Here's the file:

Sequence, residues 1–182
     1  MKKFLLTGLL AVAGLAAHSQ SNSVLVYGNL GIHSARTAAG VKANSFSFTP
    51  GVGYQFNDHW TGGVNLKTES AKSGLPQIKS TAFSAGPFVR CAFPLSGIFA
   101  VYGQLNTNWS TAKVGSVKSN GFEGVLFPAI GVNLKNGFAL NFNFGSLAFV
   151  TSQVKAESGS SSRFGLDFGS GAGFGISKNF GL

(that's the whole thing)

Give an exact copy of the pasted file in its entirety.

Sequence, residues 1–182
     1  MKKFLLTGLL AVAGLAAHSQ SNSVLVYGNL GIHSARTAAG VKANSFSFTP
    51  GVGYQFNDHW TGGVNLKTES AKSGLPQIKS TAFSAGPFVR CAFPLSGIFA
   101  VYGQLNTNWS TAKVGSVKSN GFEGVLFPAI GVNLKNGFAL NFNFGSLAFV
   151  TSQVKAESGS SSRFGLDFGS GAGFGISKNF GL